Peer-to-Peer Networks (Source: Liberal Dictionary)
Obstacles to Internet Decentralization
It should be noted however, that as much as a decentralized internet gives the clients the privacy, inclusion and equality they want, there are current downsides to it that will amount to serious glitches if not taken care of. One of them is data control and censorship – in the world powered by a centralized internet, it is easy for the government and lawmakers to make laws concerning what kind of data should be allowed on its cyberspace and direct the technological giants to implement such too. It is also easy for the government to see all that happens in the internet and easily fish out criminals and terrorists.
A decentralized network drops the limitation bomb on these powers, because each member of a decentralized network can act as a server and a client, thus, voting for what should be sent across the internet is either done by an overwhelming majority or a unanimous one. Also, tracking down terrorists and criminals through the web becomes technically exhausting because data and communication sources cannot be traced from a point.
The second glitch decentralized networks would face is reliability and speed. In a centralized network, the speed and data capacity of the network is decided by the servers, and if traffic is high, the server can simply be updated or programmed to handle large scale data transfer and influx efficiently without impacting on speed. Since there is no central server for a decentralized network, the speed of the internet would be decided by the speed of the computers contributing to it. For instance, if a network is made up of computers (acting as servers and clients) with 3rd generation Intel processors, the speed of data transfer across the network would be much slower than a network made up of Computers with 8th generation Intel processors. An internet made up of a blend of these two sets of computers serving as clients and servers may experience varying internet speeds throughout the connection period.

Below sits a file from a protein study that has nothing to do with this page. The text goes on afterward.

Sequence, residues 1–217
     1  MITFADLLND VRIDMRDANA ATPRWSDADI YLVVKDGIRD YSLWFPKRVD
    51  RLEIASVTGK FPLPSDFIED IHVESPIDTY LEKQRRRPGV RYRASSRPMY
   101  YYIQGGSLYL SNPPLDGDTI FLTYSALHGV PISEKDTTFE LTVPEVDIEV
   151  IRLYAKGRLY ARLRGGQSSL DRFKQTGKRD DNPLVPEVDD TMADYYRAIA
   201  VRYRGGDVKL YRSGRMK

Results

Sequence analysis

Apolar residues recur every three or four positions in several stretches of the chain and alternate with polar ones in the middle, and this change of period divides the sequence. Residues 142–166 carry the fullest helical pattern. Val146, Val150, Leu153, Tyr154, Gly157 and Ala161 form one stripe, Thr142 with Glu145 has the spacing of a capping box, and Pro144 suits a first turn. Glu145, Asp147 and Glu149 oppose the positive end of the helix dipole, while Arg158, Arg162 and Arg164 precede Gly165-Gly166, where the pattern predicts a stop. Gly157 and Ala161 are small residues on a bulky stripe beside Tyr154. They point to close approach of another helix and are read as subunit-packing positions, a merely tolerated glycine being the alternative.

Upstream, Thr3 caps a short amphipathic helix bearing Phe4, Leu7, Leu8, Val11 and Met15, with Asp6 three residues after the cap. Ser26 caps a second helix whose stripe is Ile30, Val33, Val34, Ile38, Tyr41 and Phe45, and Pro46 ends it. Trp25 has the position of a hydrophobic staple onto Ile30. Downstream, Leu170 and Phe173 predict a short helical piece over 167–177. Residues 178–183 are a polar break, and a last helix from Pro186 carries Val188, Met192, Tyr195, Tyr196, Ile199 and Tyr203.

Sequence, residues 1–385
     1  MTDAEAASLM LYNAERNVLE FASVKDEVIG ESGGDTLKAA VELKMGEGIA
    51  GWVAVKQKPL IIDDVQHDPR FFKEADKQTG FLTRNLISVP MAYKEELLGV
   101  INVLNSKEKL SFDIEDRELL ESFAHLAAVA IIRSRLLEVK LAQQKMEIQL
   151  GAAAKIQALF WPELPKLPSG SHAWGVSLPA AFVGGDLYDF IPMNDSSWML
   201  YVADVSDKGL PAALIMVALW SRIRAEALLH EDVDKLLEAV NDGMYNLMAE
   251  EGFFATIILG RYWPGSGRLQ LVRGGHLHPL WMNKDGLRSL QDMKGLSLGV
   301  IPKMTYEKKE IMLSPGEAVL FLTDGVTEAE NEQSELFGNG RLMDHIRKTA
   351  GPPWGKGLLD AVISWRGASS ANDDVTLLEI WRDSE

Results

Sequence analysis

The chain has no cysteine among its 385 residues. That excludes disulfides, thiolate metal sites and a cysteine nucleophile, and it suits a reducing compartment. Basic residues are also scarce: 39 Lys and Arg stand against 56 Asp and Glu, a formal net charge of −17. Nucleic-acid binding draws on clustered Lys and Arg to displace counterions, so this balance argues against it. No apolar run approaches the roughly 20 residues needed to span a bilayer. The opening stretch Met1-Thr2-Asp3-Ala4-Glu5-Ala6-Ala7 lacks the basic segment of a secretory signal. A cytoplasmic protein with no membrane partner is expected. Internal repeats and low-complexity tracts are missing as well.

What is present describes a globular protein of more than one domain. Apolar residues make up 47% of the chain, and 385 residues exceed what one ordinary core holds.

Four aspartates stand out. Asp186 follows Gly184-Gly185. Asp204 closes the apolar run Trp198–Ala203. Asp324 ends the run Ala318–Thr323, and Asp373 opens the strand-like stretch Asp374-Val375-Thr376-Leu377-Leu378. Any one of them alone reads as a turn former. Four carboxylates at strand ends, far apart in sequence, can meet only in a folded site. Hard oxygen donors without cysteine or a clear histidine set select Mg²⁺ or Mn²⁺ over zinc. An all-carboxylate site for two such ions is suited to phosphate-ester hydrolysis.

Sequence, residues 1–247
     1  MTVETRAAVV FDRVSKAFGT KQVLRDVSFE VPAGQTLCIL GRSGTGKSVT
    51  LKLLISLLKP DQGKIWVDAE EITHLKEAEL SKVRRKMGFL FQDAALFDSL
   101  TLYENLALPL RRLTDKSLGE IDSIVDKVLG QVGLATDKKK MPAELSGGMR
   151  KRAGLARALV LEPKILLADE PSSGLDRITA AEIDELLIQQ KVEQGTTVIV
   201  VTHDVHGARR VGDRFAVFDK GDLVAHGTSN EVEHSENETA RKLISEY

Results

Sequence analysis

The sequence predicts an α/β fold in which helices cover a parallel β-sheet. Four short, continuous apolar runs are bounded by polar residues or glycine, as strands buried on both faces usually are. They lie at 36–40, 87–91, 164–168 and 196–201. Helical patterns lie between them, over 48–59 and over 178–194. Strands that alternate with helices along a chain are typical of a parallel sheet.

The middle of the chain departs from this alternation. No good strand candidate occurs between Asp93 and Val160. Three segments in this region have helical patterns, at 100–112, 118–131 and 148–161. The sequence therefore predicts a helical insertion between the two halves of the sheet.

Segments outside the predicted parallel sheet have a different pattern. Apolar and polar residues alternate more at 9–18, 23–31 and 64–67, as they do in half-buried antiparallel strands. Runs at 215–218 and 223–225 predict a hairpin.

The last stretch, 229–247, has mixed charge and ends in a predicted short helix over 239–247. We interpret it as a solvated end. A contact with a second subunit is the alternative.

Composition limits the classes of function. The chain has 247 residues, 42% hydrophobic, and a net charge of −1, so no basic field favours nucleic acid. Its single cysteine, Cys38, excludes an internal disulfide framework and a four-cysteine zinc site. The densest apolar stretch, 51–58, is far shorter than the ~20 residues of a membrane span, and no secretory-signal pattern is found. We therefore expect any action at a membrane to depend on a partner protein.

Decentralization of the internet keeps you safe and in control of your data, but also needs improvement and re-modeling to ensure that the problems of data control, tracking, and speed are well taken care of without impacting on privacy and data security.